cosmology (old style) - 1500 A.D.

Discussion in 'History' started by mathman, Sep 11, 2014.

  1. mathman Valued Senior Member

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    Before Copernicus the western world thought that the earth was the center of the universe. He placed the sun at the center and changed (slowly) how the west viewed the universe. What I am wondering is what sort of cosmology the rest of the world, China, India, Ottoman empire, and in the Western hemisphere, Incas and Aztecs had at that time (~1500).
     
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  3. mathman Valued Senior Member

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    So far - no replies. It looks like an interesting topic for students of the history of science.
     
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  5. C C Consular Corps - "the backbone of diplomacy" Valued Senior Member

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    "It is impossible to date when Copernicus first began to espouse the heliocentric theory. Had he done so during his lecture in Rome, such a radical theory would have occasioned comment, but there was none, so it is likely that he adopted this theory after 1500. Further, Corvinus, who helped him print his Latin translation in 1508–09, expressed admiration for his knowledge of astronomy, so that Copernicus's concept may have still been traditional at this point." http://plato.stanford.edu/entries/copernicus/

    Considering that the ancient proposals of Aristarchus were ignored during the centuries before, there would be no heliocentric ripple in that year traveling to other cultures to shake-them up in that particular area. Accordingly, many of their earlier cosmological beliefs (supposed examples below) were probably still in vogue by 1500 [depending upon the cautious traditionalism or speculative inertia of a local population]. Especially since much of their cosmology [in some regions] often had little to do with celestial structure and dynamics, anyway; or pertained to theogony / deity affairs, creation/annihilation sagas, etc. Islamic astronomy treated as a subcategory of it, however, was more subject to development from inventions, reasoning / re-interpretations, etc.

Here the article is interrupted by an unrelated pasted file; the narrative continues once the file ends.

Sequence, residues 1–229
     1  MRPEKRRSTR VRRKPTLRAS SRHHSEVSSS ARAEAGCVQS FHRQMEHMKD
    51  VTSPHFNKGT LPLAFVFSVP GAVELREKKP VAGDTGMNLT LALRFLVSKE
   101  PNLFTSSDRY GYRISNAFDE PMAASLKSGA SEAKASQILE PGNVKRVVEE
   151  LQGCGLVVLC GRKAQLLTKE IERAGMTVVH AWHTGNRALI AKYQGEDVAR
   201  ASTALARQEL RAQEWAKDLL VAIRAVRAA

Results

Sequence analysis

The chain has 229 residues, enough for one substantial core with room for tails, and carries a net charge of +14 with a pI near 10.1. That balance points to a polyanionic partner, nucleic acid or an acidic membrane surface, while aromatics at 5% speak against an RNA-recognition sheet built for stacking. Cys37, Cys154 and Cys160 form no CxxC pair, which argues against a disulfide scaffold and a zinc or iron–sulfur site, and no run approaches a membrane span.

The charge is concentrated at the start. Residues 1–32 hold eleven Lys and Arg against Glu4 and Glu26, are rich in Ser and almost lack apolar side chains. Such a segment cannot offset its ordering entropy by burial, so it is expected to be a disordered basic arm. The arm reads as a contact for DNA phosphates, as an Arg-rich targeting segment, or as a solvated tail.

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    An Introduction to Islamic Cosmological Doctrines: http://books.google.com/books/about/An_Introduction_to_Islamic_Cosmological.html?id=IgVtq3kNCrYC

    "...Ptolemy's model of an earth-centered universe formed the basis of Arab and Islamic astronomy, but several Islamic astronomers made observations and calculations which were considerably more accurate than Ptolemy's." http://www.starteachastronomy.com/arab.html

    "During the European Middle Ages, the Islamic world was the center of astronomical thought and activity. During the ninth century several aspects of Ptolemy's solar theory were recalculated. Ibn al-Haytham in the tenth-eleventh century wrote a scathing critique of Ptolemy's work: 'Ptolemy assumed an arrangement that cannot exist, and the fact that this arrangement produces in his imagination the motions that belong to the planets does not free him from the error he committed in his assumed arrangement, for the existing motions of the planets cannot be the result of an arrangement that is impossible to exist'.

    "Swerdlow and Neugebauer stressed that the thirteenth-century Maragha school was also important in finding errors and correcting Ptolemy: 'The method of the Maragha planetary models was to break up the equant motion in Ptolemy's models into two or more components of uniform circular motion, physically the uniform rotation of spheres, that together control the direction and distance of the center of the epicycle, so that it comes to lie in nearly the same position it would have in Ptolemy's model, and always moves uniformly with respect to the equant.'

    "They found that Copernicus used devices that had been developed by the Maragha astronomers Nasir al-Din Tusi (1201-1274), Muayyad al-Din al-Urdi (d. 1266), Qutb al-Din al-Shirazi (1236-1311), and Ibn al-Shatir (1304–1375). In addition, Ragep, 2005, has shown that a theory for the inner planets presented by Regiomontanus that enabled Copernicus to convert the planets to eccentric models had been developed by the fifteenth-century, Samarqand-trained astronomer Ali Qushji (1403–1474). The problem is, as Goddu (476–86) has pointed out, we have no proof of their transmission from east to west. Nevertheless, it is highly unlikely that so many similar techniques were invented independently in the west."